As the two white men walk away toward Stewart’s car, the second man apparently perceives a threat in Miller’s innocuous words.
“Just so you know, more than you two guys live on this street, too,” Miller calls after them. “You’re not the only ones with gate codes.”
“You’re warning us what?” the second man asks.
“I’m not warning nobody,” Miller says.
“That’s what you said,” the man says.
“I did not,” Miller responds.
As the man continues to argue with him, Miller tells him this is the reason he is recording their interactions. The man pulls out a phone and calls out, “I have a camera, too.”
He appears to mock Miller’s recording of the incident before putting his phone back in his pocket.
“I don’t give a (expletive) what you got,” Miller says.
As the men mill around behind Stewart’s car, Miller refers to them as “Cagney and Lacey,” a pair of female 1980s television police detectives.
As he sits there, he is heard saying he will remain in the truck, with his seat belt on, to ensure the argument remains verbal. A few seconds later, the second man returns to Miller’s window.
“All we want to know is why you’re in here and who gave you the gate code. That’s all we need to know,” the man says.
“Show me your badge,” Miller says.
“I don’t have a badge,” the other man responds.
“Then you don’t have a reason to ask me any questions,” Miller says as the man walks away again. “It’s that simple. Just have your buddy move the car so I can leave.”
Stewart did not move the car until the resident to whom the delivery men had delivered items learned what was happening and arrived. After speaking to the man for a minute, Stewart walked back to his vehicle.
“I bet you he won’t apologize,” Miller told his colleague.
He called out to Stewart, asking him if he was going to call the police to stop them from showing up.
“That’s what I’m doing right now,” Stewart responds. “All you had to do was tell me where you were going.”
“I don’t have to tell you anything,” Miller says.
Stewart did not offer an apology for blocking the men in the neighborhood.
As he prepares to leave the neighborhood, an emotional Miller is seen on the video wiping tears from his eyes.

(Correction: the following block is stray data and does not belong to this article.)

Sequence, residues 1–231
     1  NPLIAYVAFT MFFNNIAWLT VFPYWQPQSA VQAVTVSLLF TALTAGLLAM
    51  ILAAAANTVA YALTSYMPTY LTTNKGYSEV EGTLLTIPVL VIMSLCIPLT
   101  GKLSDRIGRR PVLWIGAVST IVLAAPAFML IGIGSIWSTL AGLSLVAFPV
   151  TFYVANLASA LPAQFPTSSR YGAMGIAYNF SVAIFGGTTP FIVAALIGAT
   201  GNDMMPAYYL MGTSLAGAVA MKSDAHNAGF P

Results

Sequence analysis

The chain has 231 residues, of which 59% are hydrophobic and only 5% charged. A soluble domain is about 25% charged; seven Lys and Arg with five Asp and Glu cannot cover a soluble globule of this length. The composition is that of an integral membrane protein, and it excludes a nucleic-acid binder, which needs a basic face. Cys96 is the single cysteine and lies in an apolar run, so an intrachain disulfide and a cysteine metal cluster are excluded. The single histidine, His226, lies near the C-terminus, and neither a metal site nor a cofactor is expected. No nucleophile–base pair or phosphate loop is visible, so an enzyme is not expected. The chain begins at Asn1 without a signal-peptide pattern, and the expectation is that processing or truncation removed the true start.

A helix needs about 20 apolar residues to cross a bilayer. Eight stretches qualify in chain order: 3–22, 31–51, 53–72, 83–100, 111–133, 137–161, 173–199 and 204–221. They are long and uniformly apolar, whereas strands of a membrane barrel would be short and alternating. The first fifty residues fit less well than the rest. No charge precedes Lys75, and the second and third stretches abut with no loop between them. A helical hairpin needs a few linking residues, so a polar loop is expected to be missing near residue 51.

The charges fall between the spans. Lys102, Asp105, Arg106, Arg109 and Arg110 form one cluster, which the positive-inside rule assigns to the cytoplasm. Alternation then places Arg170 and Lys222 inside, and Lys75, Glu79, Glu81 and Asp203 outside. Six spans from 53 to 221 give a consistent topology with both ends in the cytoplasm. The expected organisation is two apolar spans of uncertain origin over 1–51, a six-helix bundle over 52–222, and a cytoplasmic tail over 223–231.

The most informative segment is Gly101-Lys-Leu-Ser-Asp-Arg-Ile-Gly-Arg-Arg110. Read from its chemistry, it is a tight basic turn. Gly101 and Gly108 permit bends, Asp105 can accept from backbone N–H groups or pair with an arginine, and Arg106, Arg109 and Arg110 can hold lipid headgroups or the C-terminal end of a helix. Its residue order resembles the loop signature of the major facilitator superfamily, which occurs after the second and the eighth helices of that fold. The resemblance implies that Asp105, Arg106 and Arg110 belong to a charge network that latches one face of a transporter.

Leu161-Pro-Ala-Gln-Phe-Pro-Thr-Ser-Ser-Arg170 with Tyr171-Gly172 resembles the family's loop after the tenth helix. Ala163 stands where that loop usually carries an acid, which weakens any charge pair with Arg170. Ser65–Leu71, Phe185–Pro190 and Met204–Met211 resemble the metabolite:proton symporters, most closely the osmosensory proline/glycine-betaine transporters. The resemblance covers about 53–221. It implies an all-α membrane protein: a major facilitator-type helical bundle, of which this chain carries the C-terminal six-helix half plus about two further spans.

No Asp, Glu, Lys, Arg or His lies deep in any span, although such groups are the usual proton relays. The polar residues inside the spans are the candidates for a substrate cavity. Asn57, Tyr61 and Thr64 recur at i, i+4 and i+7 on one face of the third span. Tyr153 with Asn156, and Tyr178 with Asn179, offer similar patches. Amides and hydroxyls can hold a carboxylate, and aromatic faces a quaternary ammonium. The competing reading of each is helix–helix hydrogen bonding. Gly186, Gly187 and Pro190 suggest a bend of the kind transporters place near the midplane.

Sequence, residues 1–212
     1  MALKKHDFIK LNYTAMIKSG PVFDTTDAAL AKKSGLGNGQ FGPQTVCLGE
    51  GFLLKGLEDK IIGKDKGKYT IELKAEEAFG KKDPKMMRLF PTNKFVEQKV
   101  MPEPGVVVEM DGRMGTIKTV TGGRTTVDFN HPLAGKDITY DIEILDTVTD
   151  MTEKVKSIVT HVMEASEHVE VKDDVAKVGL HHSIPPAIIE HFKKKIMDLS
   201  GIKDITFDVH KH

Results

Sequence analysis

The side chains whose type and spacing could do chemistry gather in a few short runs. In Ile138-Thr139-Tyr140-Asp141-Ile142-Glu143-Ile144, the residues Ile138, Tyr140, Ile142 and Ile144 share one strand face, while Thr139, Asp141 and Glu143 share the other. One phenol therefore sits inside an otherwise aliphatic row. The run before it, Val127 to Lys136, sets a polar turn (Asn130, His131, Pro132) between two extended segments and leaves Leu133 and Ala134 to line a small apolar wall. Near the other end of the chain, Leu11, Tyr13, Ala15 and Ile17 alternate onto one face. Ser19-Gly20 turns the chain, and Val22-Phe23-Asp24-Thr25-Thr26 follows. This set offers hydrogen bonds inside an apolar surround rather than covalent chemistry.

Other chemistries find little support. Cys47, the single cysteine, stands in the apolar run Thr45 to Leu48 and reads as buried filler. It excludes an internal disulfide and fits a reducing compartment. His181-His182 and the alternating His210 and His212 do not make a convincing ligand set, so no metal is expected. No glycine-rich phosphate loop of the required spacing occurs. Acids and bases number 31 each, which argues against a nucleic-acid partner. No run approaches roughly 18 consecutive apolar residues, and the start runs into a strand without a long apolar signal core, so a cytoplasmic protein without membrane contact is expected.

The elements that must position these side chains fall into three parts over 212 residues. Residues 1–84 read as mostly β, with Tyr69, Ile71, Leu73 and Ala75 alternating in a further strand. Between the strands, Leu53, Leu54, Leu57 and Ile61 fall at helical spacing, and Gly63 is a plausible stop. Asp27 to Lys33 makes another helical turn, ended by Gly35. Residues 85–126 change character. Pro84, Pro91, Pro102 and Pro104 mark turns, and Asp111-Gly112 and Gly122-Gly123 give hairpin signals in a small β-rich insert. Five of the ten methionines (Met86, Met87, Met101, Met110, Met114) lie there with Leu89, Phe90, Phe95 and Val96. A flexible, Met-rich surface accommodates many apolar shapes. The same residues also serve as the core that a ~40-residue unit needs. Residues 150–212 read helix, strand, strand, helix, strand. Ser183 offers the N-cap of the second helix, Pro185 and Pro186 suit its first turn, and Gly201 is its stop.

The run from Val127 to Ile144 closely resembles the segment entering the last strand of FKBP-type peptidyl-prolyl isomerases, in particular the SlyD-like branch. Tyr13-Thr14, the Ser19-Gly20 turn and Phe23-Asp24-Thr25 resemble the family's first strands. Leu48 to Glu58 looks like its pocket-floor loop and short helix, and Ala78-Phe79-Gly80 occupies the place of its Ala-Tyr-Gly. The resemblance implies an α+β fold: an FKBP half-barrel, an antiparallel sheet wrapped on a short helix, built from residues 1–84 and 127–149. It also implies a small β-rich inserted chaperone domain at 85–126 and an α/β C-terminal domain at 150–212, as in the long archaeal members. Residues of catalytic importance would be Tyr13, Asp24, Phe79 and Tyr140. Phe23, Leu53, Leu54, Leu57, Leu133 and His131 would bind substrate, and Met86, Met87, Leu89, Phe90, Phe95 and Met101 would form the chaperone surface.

Miller ultimately called the police himself to ensure that they would not arrive in the neighborhood, find him gone and accuse him of fleeing a scene. He also called his customer -- who apologized profusely for what the men had been put through.
“It wasn’t your fault, sir,” Miller says. “I don’t understand what his need or purpose was for doing that. Normally, I probably could have handled it a little differently, a little better, but emotionally I got a lot of things going on.”
After hanging up the phone, Miller sits there for several minutes, seemingly baffled. He uses a bandanna to wipe his eyes.
Miller told NBC News that he could not understand the sense of entitlement that led the men to believe their actions were all right. He said he is taking comfort in the words of support he has received from people who have viewed the video on social media.
“People of all races, shades of life, have either commented on the video, shared the video or messaged me on Facebook and said, ‘I don’t know if you’ll ever see this, but I want to applaud you for how you responded,’” Miller told the network. “It makes me feel good knowing that being humble and showing restraint touched many other people.”
LaShawn Miller also thanked people on social media for their words of encouragement.
“What my husband went through Monday was some scary, unnecessary, blatant racism, but the outpouring of love and support has been overwhelming,” she wrote.